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Faster, better, more competitive through paperless manufacturing

Published: · Last updated: · 6 min reading time

A major goal of the Smart Factory is paperless manufacturing. Going paperless brings measurable benefits, optimizes planning and production, and ultimately increases the competitiveness of the entire company.

Paper-based processes are inflexible and inefficient

More than a decade after the introduction of the Industrie 4.0 concept, some companies still use paper-based processes: Production orders are sent to production on paper or error messages are recorded manually in the factory.

However, such processes have two major disadvantages: they are inflexible and inefficient. Once a production order has been printed and put into production, changes or adjustments can only be made manually. A person has to run to the factory, intervene in the ongoing process and exchange the relevant documents.

Missing information for CIP

Manual entry and forwarding of documents is time-consuming and costly for another reason: manually entered information is subject to the respective diligence of an employee. Subjective inaccuracies or errors are human.

In short, the manual form of data collection is only suitable to a very limited extent as an objective information basis for the continuous improvement process (CIP).

Increasing requirements for sustainability

Companies are also faced with an increasing number of reporting requirements. For example, capital market-oriented companies that are already subject to reporting requirements will have to submit their sustainability report in accordance with new standards from fiscal year 2024 (with mandatory reporting in 2025).

What is completely new is that medium-sized, non-capital-market-oriented companies will also have to submit a sustainability report from fiscal 2025 (with a reporting obligation in 2026). According to the EU directive ‘Corporate Sustainability Reporting Directive’ (CSRD), among other things it must be explained how companies intend to reduce CO2 emissions. The information should be as robust as financial information.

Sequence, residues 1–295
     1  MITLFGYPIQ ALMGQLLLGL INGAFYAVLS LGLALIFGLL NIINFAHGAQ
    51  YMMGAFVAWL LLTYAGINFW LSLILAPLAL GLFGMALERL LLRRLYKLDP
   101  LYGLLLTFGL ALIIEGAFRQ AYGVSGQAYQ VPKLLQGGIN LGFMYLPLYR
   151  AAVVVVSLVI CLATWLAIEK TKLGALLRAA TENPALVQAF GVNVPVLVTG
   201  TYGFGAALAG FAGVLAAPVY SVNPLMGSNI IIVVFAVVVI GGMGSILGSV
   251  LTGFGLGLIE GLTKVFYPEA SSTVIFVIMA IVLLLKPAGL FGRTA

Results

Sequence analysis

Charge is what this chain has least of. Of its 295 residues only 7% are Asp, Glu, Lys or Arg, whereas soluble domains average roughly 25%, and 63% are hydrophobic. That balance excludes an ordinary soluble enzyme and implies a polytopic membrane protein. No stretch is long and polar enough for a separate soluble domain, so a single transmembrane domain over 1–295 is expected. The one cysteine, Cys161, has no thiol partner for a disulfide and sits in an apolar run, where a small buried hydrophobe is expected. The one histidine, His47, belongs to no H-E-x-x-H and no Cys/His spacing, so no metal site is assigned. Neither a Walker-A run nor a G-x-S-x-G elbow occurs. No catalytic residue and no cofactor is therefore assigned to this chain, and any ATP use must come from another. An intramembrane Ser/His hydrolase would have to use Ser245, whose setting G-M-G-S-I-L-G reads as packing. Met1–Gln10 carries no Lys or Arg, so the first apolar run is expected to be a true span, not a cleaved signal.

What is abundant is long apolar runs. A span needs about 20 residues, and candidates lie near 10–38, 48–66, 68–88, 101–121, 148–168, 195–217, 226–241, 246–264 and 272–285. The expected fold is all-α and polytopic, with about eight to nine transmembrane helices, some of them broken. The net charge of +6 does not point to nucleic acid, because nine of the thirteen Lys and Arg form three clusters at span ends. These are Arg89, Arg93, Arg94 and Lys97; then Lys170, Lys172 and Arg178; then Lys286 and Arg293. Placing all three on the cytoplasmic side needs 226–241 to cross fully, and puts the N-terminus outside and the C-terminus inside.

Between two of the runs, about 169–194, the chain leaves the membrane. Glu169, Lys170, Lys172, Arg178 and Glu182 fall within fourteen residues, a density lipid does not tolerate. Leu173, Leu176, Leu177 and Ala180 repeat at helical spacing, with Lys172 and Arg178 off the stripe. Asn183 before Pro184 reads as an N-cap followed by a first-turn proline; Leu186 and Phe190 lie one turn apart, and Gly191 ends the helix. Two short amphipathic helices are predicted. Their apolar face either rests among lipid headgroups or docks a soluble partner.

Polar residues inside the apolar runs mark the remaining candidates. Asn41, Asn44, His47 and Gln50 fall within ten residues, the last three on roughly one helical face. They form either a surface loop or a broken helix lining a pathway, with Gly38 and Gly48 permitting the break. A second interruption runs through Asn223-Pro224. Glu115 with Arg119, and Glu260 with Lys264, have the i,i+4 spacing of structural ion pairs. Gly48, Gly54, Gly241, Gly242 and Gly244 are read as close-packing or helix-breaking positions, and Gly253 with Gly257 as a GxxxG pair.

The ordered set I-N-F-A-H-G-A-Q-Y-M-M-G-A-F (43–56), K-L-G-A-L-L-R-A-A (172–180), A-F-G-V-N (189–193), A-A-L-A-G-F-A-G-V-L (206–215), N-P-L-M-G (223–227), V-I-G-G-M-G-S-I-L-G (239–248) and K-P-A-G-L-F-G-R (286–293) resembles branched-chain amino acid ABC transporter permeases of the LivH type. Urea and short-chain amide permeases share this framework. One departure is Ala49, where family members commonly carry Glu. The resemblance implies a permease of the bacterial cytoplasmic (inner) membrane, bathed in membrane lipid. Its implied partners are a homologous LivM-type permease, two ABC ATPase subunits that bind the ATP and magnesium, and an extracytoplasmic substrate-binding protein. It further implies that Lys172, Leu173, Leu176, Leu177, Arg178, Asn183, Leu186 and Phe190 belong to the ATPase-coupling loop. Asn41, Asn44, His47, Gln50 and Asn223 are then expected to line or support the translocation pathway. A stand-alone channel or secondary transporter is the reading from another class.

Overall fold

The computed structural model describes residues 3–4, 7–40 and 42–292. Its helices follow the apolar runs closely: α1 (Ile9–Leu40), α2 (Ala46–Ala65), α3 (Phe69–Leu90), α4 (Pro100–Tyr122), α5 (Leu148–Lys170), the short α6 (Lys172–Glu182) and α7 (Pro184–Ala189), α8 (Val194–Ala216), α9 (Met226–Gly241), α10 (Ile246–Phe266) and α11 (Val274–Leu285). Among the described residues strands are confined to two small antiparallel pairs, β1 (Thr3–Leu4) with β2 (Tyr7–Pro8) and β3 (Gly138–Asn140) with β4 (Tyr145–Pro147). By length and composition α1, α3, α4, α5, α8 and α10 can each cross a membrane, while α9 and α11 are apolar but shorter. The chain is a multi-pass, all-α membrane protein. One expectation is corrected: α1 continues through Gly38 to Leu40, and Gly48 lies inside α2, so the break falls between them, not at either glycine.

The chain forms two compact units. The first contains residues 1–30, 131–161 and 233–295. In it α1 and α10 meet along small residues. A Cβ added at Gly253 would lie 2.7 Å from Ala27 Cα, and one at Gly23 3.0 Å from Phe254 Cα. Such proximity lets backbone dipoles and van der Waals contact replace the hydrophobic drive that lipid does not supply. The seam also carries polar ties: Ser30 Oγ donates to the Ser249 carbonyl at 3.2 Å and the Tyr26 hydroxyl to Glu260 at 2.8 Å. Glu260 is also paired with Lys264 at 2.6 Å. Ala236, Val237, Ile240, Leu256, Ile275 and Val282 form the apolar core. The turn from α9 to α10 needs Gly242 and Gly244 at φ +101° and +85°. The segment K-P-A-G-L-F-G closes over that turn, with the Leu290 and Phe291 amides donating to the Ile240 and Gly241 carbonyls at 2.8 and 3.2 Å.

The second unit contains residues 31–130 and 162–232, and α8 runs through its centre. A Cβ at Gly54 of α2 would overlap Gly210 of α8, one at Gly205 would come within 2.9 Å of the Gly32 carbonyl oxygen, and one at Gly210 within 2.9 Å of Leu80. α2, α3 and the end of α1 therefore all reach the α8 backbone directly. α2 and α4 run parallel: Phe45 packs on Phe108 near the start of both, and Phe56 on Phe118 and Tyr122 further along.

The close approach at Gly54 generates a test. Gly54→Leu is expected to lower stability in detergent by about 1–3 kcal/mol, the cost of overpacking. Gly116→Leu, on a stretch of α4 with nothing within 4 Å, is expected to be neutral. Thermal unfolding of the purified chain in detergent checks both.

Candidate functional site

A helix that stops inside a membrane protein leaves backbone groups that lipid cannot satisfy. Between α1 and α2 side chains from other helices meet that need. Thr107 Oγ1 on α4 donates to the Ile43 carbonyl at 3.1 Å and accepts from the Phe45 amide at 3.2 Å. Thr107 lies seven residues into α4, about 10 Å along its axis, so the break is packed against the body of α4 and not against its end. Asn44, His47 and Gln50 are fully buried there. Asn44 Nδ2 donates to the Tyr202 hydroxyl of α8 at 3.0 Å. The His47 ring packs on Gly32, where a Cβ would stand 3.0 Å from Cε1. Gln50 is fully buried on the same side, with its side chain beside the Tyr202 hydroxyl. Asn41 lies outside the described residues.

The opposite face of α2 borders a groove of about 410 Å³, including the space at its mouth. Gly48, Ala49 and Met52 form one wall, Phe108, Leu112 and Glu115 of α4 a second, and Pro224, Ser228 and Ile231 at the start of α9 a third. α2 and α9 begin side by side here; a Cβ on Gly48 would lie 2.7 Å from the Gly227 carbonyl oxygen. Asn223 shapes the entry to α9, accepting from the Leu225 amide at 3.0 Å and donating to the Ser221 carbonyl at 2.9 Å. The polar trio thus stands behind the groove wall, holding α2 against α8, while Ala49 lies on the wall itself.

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peka-metall AG: Less paper, more transparency – “that’s motivating“

In paperless manufacturing, the impact of a production on the environment can be measured in a particularly striking way. For example, the Swiss company peka-metall AG, furniture specialist and market leader for pull-out systems and complete interior furnishings, was able to reduce the amount of paper used in production by more than 50,000 sheets annually through digital production processes.

An important effect of the digital processes: maximum transparency. Tibor Szögyer, Coating Manager at peka-metall, describes it this way: “The employees appreciate the transparency that has been created by this system. It also has a motivating effect in many respects and spurs them on to do better.”

Reference Report       Company

Swarovski Optik: More production efficiency, lower costs

The advantages of paperless production are clearly described by the premium manufacturer Swarovski Optik on its homepage. The Tyrolean family-owned company has launched a comprehensive digitization project to integrate three international sites into a homogeneous digital network.

For Reinhard Anfang, MES process manager at Swarovski Optik, the integration of all production and logistics processes in a Manufacturing Execution System has been successful: “The changeover was very far-reaching, and sometimes we had to do some convincing. But the many benefits for us as a team became clear very quickly.” Since the introduction of the MES, SWAROVSKI OPTIK has

  • Increased production efficiency, saving resources and costs – while maintaining premium quality, of course.
  • Optimized teamwork – e.g. during shift handovers, etc.
  • Kept energy consumption constant despite rising production volumes, and even reduced it in some cases, among other things by making production processes more efficient
  • Retained great flexibility for the future. New plant and machinery can be integrated seamlessly
  • Optimization potential was identified immediately, so that appropriate improvement measures could be defined in daily meetings

Reference Report       Company

Use of real-time data

Perhaps the most important effect is working with real-time information: Machine data acquisition and store floor data collection (MDE/BDE) provide factory teams with all the information they need to perform analyses and evaluations. They can monitor the status of their production systems, machines and processes to the second and act more independently.